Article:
Tips for Reducing Multitasking Madness

By Angela Burmeister, Phone Pro Trainer


It’s 8:05am and I carefully pry myself out of my car, balancing a non-fat Venti Caramel Macchiato in one hand and briefcase in the other, while participating in a conference call with my boss and our Sales Director on my cell phone. Just as I walk into the office, my work phone rings, the instant messenger on my computer starts singing and my co-worker is calling for help. The Multitasking Madness has officially begun and I am the Master! I continue the conference call on my cell while letting the work phone go to voice mail. At the same time, I type a response to the instant message while writing a note to myself about a meeting later in the day, all the while giving my co-worker the oh-so-desperate index finger in the air signaling that I’ll be with her in just a moment. Ta-Da!! The Master of Multitasking has once again conquered the impossible…..or so I think.

In a world where technology is king and fast paced lifestyles are the norm, studies about the world of multitasking and its effects abound. In one study, Eric Horvitz, a Microsoft research scientist, found that it takes workers that are interrupted by emails, phone calls, or instant messages about 15 minutes to get back to the task that they were working on. “I was surprised by how easily people were distracted and how long it took them to get back to the task,” Horvitz said. The reality is that multitasking may actually be hampering productivity rather than enhancing it.

“When people try to perform two or more related tasks either at the same time or alternating rapidly between them, errors go way up, and it takes far longer – often double the time or more – to get the jobs done than if they were done sequentially,” says David E. Meyer, director of the Brain, Cognition and Action Laboratory at the University of Michigan. Research also shows that multitasking increases stress, diminishes perceived control, and may cause physical discomfort such as stomach aches or headaches. In the end, this madness of multitasking diminishes productivity and makes us work harder just to feel like we are barely keeping up with all of our work!

So what can we do to survive and thrive in a multitasking world? Here are some suggestions that can make you more productive, efficient and get the job done with fewer errors!

1. Admit that Multitasking is not the best way to get things done - It’s time to admit that multitasking decreases everyone’s productivity no matter how good they think they are at it.

2. Create a “To-Do List” everydayYou can use the old fashioned way and write it down or you can use software that can help you organize your day. Either way, creating a list will help keep you focused and on track with your tasks.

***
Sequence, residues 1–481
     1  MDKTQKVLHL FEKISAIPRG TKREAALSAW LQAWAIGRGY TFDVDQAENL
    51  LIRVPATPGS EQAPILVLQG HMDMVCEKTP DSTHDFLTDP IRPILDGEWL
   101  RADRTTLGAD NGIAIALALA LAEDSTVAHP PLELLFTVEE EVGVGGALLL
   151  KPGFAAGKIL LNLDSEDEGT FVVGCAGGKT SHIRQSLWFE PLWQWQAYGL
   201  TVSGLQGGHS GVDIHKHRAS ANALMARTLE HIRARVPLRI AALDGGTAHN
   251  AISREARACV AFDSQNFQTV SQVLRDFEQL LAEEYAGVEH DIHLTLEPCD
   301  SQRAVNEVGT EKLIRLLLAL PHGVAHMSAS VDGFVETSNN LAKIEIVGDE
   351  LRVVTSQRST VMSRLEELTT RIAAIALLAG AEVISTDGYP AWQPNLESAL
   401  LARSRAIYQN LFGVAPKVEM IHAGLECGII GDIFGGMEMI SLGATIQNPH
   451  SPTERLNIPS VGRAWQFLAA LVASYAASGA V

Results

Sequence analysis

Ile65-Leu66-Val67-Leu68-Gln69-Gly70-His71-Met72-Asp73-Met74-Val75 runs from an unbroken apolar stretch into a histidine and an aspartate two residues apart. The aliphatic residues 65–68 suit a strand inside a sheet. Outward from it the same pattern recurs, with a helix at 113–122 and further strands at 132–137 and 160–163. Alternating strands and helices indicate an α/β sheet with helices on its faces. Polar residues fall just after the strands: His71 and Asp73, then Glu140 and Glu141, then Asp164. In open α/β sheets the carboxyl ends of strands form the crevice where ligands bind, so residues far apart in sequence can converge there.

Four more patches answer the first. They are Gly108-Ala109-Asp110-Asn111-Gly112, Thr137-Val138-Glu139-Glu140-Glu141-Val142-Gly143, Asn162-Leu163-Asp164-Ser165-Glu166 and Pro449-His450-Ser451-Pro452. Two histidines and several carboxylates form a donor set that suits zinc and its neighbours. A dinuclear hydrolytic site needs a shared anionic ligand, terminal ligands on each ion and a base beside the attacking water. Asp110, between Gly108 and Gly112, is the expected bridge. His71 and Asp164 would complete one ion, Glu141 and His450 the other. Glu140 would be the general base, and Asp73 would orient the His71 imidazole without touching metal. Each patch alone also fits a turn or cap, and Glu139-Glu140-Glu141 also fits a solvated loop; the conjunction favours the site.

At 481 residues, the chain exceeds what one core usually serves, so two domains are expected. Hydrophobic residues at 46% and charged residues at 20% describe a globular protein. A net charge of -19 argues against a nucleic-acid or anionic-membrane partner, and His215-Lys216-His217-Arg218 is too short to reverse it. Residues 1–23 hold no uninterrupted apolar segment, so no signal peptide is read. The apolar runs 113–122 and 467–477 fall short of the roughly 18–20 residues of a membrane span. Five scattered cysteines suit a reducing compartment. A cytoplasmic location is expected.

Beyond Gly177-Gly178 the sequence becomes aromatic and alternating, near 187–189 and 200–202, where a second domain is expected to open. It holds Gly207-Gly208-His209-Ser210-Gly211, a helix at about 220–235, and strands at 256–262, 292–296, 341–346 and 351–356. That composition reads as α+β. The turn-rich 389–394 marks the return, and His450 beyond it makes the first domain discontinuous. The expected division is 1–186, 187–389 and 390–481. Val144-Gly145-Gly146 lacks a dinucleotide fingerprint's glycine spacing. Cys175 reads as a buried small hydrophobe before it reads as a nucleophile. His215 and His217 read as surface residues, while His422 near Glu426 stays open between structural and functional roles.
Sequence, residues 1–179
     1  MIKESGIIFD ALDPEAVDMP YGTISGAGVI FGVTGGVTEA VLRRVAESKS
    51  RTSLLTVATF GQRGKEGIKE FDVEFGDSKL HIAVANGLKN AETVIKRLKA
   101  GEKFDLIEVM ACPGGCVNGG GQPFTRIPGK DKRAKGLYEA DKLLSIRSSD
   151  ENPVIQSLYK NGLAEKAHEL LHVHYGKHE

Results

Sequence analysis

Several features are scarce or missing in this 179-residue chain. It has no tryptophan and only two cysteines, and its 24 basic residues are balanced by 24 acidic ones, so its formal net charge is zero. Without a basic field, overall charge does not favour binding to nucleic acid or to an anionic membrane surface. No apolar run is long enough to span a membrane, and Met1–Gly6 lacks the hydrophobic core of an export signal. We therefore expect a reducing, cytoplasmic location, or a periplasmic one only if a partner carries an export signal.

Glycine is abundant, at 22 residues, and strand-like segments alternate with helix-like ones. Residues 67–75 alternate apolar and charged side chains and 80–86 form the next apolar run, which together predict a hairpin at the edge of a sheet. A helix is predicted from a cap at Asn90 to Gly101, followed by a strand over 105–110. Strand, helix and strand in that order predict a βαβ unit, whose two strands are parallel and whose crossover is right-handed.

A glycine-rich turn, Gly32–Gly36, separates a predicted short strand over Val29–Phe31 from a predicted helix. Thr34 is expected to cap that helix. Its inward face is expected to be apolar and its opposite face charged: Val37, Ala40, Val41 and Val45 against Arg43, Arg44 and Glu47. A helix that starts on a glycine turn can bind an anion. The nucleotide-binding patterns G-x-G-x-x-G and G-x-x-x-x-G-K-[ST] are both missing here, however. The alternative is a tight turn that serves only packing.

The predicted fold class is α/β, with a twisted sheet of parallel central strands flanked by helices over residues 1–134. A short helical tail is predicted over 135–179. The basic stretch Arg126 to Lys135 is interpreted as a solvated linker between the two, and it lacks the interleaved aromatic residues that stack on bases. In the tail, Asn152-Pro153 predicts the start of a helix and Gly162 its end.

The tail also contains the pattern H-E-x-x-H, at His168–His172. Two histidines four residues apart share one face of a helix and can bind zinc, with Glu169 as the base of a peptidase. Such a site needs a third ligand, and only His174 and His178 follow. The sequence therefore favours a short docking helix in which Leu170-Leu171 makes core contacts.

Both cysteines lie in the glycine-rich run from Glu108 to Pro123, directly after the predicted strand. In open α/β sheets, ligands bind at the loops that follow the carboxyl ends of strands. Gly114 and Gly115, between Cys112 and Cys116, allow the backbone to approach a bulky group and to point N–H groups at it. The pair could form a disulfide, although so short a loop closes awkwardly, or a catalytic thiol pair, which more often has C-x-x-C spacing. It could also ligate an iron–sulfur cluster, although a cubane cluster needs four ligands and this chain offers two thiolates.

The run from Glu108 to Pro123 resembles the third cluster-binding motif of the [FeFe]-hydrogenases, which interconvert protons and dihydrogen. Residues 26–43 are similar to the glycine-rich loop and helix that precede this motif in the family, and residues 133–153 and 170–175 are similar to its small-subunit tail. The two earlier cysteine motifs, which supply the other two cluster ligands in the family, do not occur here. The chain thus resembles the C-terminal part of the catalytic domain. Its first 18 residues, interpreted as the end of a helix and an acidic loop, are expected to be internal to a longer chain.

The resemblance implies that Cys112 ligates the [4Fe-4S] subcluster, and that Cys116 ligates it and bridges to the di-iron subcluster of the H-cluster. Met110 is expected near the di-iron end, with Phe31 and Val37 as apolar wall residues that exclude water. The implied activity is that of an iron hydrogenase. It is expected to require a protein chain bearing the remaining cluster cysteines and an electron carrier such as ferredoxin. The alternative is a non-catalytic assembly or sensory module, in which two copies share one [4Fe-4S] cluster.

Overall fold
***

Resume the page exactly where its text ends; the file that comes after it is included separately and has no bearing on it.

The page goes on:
3. Do the most important things on the list first - Beginning your day by working on the most important thing on your list will kick start your day with a sense of accomplishment. Even if you just spend an hour on that item, at least you will have a good start. With that good start, the more likely you are to go back to that project later to wrap it up.

4. Check your email on a set scheduleHint: Turn off the alerts that tell you when you get an email. Because of the time it takes our brain to switch from task to task, it is not efficient to answer every email as it comes in. The best thing to do is to schedule three times a day to routinely check and respond to emails. Just because someone can contact you immediately, doesn’t mean that you have to respond to them immediately. Simply respond to them in a timely manner; that will generally meet their expectations.

Remember – work doesn’t control you, you control your work! Studies clearly show that by trying to accomplish too many different tasks all at once, people are less efficient and more stressed. By following these four steps, you can make each day less stressful and more productive. Before you know it, that pile on your desk will start to shrink and you will find yourself much happier at the end of the day with a greater sense of accomplishment!

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Phone Pro provides telephone skills training workshops and seminars focusing on customer service, coaching, and sales-related service provided over the telephone. These articles are provided as a resource to education our clients and the industry as a whole. For more information on how we can assist your company, please contact us >>

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